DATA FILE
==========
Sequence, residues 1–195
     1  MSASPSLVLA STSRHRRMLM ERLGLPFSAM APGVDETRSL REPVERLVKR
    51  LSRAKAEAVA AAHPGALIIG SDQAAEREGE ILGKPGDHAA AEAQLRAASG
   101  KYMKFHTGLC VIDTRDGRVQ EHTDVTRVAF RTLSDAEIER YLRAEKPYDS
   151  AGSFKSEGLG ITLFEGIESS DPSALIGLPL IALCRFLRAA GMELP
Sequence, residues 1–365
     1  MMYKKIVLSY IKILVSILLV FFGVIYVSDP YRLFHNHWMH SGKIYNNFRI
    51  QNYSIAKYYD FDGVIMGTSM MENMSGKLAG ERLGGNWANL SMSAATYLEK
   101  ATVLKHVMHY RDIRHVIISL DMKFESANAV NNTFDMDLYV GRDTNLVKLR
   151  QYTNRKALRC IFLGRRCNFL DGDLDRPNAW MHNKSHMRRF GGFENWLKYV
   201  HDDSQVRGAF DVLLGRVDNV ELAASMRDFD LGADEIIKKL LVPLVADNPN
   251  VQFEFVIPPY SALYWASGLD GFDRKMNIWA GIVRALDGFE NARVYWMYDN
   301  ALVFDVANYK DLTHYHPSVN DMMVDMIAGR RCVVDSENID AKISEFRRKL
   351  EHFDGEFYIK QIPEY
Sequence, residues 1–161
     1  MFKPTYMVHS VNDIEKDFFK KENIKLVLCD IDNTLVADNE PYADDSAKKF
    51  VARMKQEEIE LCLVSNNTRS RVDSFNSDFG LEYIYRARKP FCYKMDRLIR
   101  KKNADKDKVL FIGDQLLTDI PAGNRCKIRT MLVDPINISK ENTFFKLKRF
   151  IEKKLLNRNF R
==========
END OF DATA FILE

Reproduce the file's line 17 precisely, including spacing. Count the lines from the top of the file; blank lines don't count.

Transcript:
    51  VARMKQEEIE LCLVSNNTRS RVDSFNSDFG LEYIYRARKP FCYKMDRLIR